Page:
Hands wrap around his waist and push him forwards. They are so incredibly warm. It must be Wesson's, right? Dean gets a hold of the edge of the pool and holds on for his life. His heart jackrabbits in his chest, all the way up to his tongue. Heat rushes to the top of his head and Dean coughs through his gasps for air.

Warmth slides up his sides, back, shoulders. Dean's hearing is numb; he is shaking.

"Shit; I- I didn't mean to- Are you okay?!"

"Alive," Dean splutters.

The hands are soothing if he takes them as what they are - warm. He doesn't allow himself to think much further.

After stumbling under a hot shower, Dean can't get dressed quickly enough. All he wants is his bathtub. Maybe filled to the brim with hand-warm lavender oil. "I'll be fine, sir. A little water won't kill me." Was close though. But hey - always be positive. Dean tries a smile.

"Are you sure you don't need a ride?" Wesson eyes him with just as much doubt as Dean would have expected from a man of his intelligence. Eventually, he nods to himself. Dean is already buckling up his bag when Wesson starts again: "Tomorrow? Same time, same place?"

Three seconds is what makes the real difference in lying. Under, and you're safe. Over, and you're busted. Dean is trained enough for "under" but too defeated for a Broadway act. "I ain't too sure if I can keep up with your training regime, sir..."

"There's no need to," Wesson assures. "You do your thing, I do mine. Don't sweat it."

After today and specifically after the pool incident, Dean is not too thrilled about another workout again already. But there is Wesson who looks more like a kicked dog than anything else. He's his boss, for God's sake. If your boss is so desperate for you to like them, you better take that elevator ticket they're slapping into your damn face.

Dean puts on his best "ah, you've got me" face and lets his sigh escape from his nostrils. "Keep your eyes open for that guy coughing up ice cubes on the treadmill."

Finally and for the first time since he pushed Dean into the pool, Wesson is laughing again. His giant hand comes crushing down on Dean's arm. Dean paints a smile over his repulsion. After their goodbyes, he walks two blocks before flagging down the next-best cab.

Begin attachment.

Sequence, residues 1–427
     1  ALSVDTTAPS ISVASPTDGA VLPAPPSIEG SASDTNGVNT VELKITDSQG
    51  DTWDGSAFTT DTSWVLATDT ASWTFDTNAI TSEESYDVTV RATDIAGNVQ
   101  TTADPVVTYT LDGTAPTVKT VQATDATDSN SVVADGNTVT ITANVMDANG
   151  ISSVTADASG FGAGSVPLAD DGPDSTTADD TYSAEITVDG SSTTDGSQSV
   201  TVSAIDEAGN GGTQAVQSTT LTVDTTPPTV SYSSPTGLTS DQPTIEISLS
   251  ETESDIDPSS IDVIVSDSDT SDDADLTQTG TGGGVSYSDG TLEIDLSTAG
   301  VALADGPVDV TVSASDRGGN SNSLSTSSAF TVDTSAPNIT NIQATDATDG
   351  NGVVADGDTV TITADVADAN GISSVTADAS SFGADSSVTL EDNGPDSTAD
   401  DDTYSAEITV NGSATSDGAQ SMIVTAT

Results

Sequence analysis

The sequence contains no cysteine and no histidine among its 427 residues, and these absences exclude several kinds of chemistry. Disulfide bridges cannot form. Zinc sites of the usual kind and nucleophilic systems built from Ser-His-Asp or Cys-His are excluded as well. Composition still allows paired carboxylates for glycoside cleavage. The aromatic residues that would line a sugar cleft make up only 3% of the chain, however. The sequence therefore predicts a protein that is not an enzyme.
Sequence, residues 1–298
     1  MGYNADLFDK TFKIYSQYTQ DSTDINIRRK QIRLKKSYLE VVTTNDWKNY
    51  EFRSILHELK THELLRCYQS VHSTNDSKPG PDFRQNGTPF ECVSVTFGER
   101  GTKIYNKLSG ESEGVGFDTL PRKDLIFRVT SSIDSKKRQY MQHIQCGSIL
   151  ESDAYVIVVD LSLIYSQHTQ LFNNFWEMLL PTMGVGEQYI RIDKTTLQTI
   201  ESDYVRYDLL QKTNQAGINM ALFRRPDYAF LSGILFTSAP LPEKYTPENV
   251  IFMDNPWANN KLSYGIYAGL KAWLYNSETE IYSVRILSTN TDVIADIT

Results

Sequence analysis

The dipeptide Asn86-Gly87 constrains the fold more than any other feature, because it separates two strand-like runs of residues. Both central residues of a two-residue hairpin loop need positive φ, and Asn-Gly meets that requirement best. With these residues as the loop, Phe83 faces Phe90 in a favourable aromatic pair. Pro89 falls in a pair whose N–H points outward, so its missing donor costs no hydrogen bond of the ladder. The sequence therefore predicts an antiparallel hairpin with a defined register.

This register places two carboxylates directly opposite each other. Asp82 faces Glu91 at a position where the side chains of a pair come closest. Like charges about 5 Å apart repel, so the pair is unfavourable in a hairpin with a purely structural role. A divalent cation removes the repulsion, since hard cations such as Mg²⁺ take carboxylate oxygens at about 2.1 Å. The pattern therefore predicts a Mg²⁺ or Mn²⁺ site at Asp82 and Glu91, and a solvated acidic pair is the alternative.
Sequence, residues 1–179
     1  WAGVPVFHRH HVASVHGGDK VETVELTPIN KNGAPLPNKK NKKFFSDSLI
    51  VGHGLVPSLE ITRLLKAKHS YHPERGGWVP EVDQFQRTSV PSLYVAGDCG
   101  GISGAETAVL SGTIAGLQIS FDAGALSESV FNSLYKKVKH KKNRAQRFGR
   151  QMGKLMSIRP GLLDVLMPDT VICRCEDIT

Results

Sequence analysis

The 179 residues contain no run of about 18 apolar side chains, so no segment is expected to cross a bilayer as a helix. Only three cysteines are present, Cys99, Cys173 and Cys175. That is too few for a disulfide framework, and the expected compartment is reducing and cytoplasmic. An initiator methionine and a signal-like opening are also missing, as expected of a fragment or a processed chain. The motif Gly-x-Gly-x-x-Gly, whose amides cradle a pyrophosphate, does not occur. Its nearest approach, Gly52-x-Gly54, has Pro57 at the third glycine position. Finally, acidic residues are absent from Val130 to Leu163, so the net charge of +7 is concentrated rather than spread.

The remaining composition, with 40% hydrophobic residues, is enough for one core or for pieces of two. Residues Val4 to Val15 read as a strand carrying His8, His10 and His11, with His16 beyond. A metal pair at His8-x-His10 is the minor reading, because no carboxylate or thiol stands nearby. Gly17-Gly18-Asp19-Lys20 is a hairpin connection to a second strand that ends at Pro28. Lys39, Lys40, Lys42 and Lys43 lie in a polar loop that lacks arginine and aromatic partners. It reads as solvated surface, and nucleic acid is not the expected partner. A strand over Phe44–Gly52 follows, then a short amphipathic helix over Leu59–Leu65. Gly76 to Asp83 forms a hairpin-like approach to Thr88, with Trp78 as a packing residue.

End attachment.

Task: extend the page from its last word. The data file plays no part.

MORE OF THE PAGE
He hasn't dreamed of Matt in forever.

Next to the immediate impulse to scrub all this cold sweat off of himself for a good five consecutive minutes, all Dean can pin down in his head is the annoyance over the fact that it's still the middle of the night, meaning: Still another day to go. Still facing the stupid anxiety of revisiting the facility that almost became his grave yesterday. Still facing Wesson and needing to act like he is not going to have a heart attack about every little movement the man does.

It's only water, you said it yourself. Stop making such a fuss about it, goddammit. It's only water.

A quick shower full of groaning and feeling old (of course he would be sore after that damn Iron Man session) is followed by the most aggressive and messy change of sheets Dean has ever performed. Then, finally, he can go back to sleep.

Three hours later, the alarm pulls him out of dreamless darkness. Thank God.

Fresh orange juice, coffee, organic whole grain cereals, GMO-free soy milk - perfect. He eats, finishes the coffee over the newspaper and rids the kitchen of his breakfast's traces. A short call at the reception earns him a recommendation for a close-by dry cleaner. The lady taking the last days' suits into her care doesn't look many more years older than Dean. He smiles and tips generously, all while mentally thanking God for blessing him with the right career choices.

Back home, Dean finds nothing to do but to pack his gym bag. Water bottle, new set of clothes and underwear, two towels. The shower products are still good to go, so they are not replaced. The zipper purrs and leaves the bag sitting on top of the table, ready to go.

Dean looks at it for a long moment. Eventually, he pulls out one of the chairs to sit down on it. He can see the street from the windows of his apartment. A piece of skyline.

Until the phone rings, he doesn't move.